Logistics operators looking increasingly towards mergers and acquisitions to boost resilience in today’s volatile market
· Almost half of logistics operators say they are likely to make an acquisition in the next 12 months as they look to expand operations and become more competitive
· Confidence among businesses in the logistics sector has dropped 12 points in the last year, according to the latest study from Barclays Corporate Banking and BDO
· The figure now stands at 50.4, with a small majority confident they can weather high inflation, rising fuel and energy costs and labour shortages
· Despite the challenges facing the sector, three out of five businesses expect their turnover to increase in the coming year
Logistics industry confidence has dropped 12 points over the past year, the 2022 Barclays-BDO Logistics Confidence Index reveals. Increased costs, economic pressures and concern over talent shortages, has seen confidence levels fall to 50.41.
Despite these challenges, mergers and acquisitions continue to be a strategic priority for logistics companies with 45% of respondents reporting that they are likely to make an acquisition in the next 12 months, the highest figure ever recorded in this survey’s 10-year history. Operators are seeking to achieve economies of scale and expand their service offering, ingraining a trend for consolidation into what remains a fragmented industry.
Somewhat surprisingly perhaps, against a gloomy economic outlook, a small majority of businesses in the sector are optimistic about the outlook for the coming year, compared to those who are pessimistic. Three out of five (60%) are expecting turnover to increase over this time frame, with only a quarter (25%) anticipating a decrease.
On the flipside, however, high inflation and rising costs are impacting levels of profitability, as just under half (45%) of logistics companies say their margins will improve in the next 12 months, compared to 62% this time last year. Meanwhile, almost a third (30%) are anticipating a drop in profitability, up by 11% on 2021.
Of all the challenges facing the industry, 80% say labour shortages will have a major impact on their business in the coming months. In fact, concerns over a dearth of workers have led nine in ten firms to improve pay and conditions for their workforce. The most sought-after roles are drivers and warehouse staff, followed by office and admin staff.
Competition for talent was so high that HGV drivers qualified to drive the heaviest vehicles saw advertised salaries increase by an average of 25% in the past year alone (Q1 2022 vs Q1 2021) ².
Investment in ESG frameworks is seen as another way to attract talent. More than half (53%) of logistics businesses are focusing on employee welfare and staff wellness as their priority ESG initiative for the coming year.
Other sustainability priorities across the industry include optimising the fuel of existing fleets (52%), with four in ten firms (40%) viewing the introduction or expansion of alternative fuel vehicles as a priority for the year ahead. More than two in five (44%) plan to introduce greener lighting and power supplies to their warehouses.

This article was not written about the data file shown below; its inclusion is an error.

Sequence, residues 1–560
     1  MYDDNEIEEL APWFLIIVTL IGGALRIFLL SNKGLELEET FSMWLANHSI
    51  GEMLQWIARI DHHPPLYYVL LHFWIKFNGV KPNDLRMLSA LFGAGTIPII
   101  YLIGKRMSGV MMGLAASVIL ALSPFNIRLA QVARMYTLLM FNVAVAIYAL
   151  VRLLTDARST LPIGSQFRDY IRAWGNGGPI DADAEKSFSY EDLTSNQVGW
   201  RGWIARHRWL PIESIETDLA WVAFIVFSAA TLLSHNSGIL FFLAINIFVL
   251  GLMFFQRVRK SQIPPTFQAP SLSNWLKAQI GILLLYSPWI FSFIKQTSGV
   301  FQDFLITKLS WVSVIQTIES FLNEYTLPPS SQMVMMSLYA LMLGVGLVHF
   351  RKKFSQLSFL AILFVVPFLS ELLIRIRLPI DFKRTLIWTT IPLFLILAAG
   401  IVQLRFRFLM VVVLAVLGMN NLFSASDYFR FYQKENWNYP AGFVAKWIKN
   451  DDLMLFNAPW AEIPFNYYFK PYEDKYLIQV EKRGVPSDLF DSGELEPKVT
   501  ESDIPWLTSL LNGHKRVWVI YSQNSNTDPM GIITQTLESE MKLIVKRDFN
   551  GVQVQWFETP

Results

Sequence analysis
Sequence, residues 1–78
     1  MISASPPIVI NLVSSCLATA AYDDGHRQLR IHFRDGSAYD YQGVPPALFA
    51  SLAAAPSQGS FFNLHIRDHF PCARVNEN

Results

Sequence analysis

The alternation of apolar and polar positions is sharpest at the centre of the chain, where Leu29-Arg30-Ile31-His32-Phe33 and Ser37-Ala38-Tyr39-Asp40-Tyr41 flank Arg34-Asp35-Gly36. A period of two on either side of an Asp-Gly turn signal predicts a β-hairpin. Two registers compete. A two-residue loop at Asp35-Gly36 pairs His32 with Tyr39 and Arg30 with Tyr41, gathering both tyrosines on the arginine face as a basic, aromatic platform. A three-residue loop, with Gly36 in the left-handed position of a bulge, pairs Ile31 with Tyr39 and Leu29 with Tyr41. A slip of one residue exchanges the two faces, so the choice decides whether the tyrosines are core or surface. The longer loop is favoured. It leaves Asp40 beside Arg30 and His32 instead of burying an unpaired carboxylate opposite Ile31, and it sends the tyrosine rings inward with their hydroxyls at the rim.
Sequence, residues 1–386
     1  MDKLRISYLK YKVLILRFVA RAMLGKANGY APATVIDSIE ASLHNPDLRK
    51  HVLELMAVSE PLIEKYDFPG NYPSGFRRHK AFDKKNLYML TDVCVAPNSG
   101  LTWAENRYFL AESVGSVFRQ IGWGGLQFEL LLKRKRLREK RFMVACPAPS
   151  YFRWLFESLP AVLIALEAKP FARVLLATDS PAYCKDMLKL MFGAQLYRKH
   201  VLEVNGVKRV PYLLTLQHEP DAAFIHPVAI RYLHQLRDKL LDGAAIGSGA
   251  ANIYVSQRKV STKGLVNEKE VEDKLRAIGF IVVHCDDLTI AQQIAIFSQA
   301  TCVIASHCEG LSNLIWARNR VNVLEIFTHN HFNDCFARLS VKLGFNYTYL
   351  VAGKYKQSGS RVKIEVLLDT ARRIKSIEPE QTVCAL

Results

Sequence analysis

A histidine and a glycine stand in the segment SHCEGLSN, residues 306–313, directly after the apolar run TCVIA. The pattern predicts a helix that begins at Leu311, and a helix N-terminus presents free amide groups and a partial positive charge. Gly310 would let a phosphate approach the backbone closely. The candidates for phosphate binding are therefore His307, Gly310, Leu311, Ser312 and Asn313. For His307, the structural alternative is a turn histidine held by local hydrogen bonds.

Lee Collinson, Head of Manufacturing, Transport & Logistics at Barclays Corporate Banking, said: “Understandably, the circumstances of the past year have led to a drop in logistics sector confidence. Price rises, supply chain challenges, a scramble for talent, and strikes at UK and European ports have taken their toll.
“However, it’s encouraging to see that businesses are looking ahead at capex and finding ways to grow. Many are looking to invest in mergers and acquisitions, as well as ESG initiatives and staff welfare programmes to remain competitive, and it’s clear they see investment in tech as key to managing their cost bases and improving efficiency. This spirit of determination and innovation has come to define the UK logistics industry and looks set to continue.”
Jason Whitworth, Partner, M&A Advisory and Logistics & Supply Chain Management at BDO LLP, said: “In the last 10 years [since the launch of the Logistics Confidence Index], the sector has changed immensely, accommodating the rise in ecommerce, a seismic shift in customer expectations, the ESG agenda, and the growing role technology is playing in every aspect of the industry.
“Our latest report demonstrates that those decade-defining themes are still very much in play, now taking on greater meaning in the face of significant challenges, led by rocketing fuel and energy costs, customer pricing pressures, and a faltering economy. It’s little wonder that, as the market contends with the toughest business conditions experienced for many years, confidence is at its third lowest level since the report began. Concerns over profitability, skills, labour shortages, top line growth, and the rising cost of doing business, are integral to that fall.
“However, despite this, it’s reassuring to see that the logistics sector is still keenly focused on capitalising on strategic opportunities, with a focus on better servicing existing customers and also acquisitions the main drivers for growth.”
Notes to editors:
¹ More than 100 senior decision-makers – including chief executive officers, managing directors and chief financial officers – provided their views and insights for this survey, conducted during July-September 2022. All figures and data relating to the UK Logistics Confidence Index within this report have been researched by Analytiqa. The index calculation is based on the proportion of respondents reporting either an improvement, no change or deterioration within the sector, scored from 0 to 100. Therefore, a number over 50 indicates an improvement, while below 50 suggests a decline. The further away from 50 the index is, the stronger the change over the period.
² Logistics UK